A negligence claim was brought in the High Court, initially against the professional body, the "Swimming Teachers Association" ("STA"), presumably on the understanding that the negligent parties would, as members, have insurance cover through the STA. However, following doubts about the insurance position, the claimant was granted permission to join Ms Stopford, the lifeguard, the Education Authority and Basildon Council as defendants to the proceedings. The claimant's primary objective in seeking permission was presumably to ensure that any award of damages would be against a defendant or defendants with the means to pay. Liability was denied by all five defendants.
As against the Education Authority, the amended Particulars of Claim alleged inter alia that it owed a "non-delegable" duty of care to the claimant and was therefore personally liable for the damage caused by its independent contractor.
On application by the Education Authority, Langstaff J struck out the words "non-delegable". This decision of the Supreme Court concerned the claimant's appeal on this preliminary issue only.
3. The Court of Appeal
Although it was undoubtedly a vicarious liability loophole that prompted the appeal, in the Court of Appeal it became clear that the liability contended for was not vicarious. In fact, Langstaff J had also struck out separate wording alleging vicarious liability, but the claimant did not seek to appeal the order on that point. Instead, the claimant argued that the Education Authority owed a personal duty to ensure that reasonable care was taken; a duty which it could not delegate to its contractor.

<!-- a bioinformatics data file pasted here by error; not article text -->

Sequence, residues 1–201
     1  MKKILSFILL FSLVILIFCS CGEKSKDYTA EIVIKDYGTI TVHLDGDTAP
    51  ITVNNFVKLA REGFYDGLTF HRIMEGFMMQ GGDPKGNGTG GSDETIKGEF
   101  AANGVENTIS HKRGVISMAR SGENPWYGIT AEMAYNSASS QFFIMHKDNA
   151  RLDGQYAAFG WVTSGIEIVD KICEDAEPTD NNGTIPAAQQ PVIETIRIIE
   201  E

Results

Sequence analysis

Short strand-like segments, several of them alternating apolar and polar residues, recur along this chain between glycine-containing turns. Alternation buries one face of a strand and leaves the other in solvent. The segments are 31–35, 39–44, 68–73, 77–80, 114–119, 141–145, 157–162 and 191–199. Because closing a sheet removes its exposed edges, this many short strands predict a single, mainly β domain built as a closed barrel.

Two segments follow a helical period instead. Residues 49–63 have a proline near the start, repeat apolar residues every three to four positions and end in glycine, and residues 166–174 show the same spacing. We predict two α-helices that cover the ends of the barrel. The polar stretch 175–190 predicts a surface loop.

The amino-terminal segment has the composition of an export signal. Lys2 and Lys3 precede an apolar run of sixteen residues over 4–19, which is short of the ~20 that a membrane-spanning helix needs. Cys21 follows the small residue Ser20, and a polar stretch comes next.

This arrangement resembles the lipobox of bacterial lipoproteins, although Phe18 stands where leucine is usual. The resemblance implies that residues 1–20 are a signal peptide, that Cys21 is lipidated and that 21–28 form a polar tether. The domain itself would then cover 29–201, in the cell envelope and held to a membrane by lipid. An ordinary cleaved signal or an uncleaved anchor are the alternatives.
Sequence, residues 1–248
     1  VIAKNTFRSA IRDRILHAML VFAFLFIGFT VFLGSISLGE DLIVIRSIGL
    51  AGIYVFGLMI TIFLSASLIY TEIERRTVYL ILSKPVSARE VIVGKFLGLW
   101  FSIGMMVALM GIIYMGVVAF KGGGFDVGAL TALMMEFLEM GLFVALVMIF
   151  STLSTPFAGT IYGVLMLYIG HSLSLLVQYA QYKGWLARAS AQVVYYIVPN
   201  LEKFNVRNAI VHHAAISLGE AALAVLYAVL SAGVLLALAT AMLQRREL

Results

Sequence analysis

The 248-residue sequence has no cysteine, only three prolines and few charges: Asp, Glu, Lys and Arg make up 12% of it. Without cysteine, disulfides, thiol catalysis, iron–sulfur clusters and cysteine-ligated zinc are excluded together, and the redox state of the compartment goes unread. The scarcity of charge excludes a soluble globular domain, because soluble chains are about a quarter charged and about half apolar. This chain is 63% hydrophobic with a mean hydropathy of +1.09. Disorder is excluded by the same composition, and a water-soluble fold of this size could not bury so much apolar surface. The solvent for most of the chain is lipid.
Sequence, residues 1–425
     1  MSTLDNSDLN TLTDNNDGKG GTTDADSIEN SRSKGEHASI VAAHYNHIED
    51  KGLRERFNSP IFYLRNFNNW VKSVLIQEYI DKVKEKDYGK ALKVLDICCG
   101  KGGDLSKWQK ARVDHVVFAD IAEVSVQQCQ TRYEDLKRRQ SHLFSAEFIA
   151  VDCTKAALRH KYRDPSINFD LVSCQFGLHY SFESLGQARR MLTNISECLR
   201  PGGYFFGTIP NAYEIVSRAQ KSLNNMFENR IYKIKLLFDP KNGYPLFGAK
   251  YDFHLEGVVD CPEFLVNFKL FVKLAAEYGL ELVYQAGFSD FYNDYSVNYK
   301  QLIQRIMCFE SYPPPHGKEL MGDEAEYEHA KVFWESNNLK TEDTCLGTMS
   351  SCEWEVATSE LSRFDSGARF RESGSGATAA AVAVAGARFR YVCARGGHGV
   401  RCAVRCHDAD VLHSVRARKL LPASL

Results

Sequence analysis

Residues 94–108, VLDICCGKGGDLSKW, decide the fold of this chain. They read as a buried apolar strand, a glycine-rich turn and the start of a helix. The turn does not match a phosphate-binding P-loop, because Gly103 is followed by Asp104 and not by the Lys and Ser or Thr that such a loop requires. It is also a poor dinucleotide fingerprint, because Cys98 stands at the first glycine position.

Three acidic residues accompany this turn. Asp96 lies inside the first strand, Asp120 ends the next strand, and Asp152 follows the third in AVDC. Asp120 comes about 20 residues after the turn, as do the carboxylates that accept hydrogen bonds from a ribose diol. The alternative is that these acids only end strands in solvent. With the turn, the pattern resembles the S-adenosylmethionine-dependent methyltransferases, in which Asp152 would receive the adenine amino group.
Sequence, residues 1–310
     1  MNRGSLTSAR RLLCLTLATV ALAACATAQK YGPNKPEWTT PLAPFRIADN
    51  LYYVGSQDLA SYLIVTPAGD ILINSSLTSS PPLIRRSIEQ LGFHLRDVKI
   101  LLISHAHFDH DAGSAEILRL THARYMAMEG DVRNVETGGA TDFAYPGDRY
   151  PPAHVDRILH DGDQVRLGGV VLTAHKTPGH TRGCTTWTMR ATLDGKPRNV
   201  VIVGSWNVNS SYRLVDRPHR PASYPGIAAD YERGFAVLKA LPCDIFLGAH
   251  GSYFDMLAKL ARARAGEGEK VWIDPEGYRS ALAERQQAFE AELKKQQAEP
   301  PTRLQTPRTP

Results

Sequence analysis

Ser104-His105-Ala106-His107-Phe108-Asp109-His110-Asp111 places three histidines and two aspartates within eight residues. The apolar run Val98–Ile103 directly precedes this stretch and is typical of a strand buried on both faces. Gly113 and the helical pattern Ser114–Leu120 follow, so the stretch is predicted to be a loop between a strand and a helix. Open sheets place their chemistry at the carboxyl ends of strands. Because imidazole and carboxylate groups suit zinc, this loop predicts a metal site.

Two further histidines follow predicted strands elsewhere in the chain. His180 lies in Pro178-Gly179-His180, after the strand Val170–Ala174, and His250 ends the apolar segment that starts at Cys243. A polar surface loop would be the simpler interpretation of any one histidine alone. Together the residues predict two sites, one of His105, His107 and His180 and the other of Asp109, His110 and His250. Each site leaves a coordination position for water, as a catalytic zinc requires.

Laws LJ was minded to allow the appeal. He concluded that, by virtue inter alia of the enhanced proximity of the neighbour relationship, it was fair, just and reasonable to impose a non-delegable duty in these circumstances. He relied on the fact that a non-delegable duty had already been established in a number of contexts and that there was in this case, as there would be in the context of a hospital and patient, "an acceptance of responsibility to take care of a group of persons who are particularly vulnerable or dependent". 
Recognising the importance of limiting such a duty, Laws LJ advocated the following test:
"A school or hospital owes a non-delegable duty to see that care is taken for the safety of a child or patient who (a) is generally in its care, and (b) is receiving a service which is part of the institution's mainstream function of education or tending to the sick."